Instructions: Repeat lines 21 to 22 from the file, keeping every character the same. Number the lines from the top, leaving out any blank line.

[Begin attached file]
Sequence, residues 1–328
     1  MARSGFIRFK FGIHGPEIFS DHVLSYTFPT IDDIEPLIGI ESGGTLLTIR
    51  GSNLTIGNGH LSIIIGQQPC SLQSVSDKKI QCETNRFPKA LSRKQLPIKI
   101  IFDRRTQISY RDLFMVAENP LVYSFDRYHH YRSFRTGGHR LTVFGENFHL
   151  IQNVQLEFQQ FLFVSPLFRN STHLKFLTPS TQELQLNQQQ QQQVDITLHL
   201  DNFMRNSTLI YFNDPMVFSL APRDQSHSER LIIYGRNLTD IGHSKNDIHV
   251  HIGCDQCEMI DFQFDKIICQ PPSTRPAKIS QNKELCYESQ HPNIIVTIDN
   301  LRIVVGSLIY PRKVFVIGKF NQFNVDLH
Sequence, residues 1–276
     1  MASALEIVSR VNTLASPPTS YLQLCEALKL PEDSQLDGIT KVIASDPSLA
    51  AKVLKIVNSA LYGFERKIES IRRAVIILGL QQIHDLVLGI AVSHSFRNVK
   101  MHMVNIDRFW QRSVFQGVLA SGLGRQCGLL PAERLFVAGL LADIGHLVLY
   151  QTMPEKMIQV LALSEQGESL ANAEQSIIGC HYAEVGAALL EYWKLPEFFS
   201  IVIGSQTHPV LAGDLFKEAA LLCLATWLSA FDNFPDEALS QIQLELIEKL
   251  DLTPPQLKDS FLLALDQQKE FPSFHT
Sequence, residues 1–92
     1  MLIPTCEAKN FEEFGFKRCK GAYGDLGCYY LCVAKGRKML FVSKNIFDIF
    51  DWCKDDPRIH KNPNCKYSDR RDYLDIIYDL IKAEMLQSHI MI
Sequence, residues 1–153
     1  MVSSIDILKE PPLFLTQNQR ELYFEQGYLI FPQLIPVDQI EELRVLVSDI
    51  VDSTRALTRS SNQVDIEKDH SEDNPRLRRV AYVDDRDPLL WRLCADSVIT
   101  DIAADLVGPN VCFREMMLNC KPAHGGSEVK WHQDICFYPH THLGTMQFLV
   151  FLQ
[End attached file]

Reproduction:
    51  VDSTRALTRS SNQVDIEKDH SEDNPRLRRV AYVDDRDPLL WRLCADSVIT
   101  DIAADLVGPN VCFREMMLNC KPAHGGSEVK WHQDICFYPH THLGTMQFLV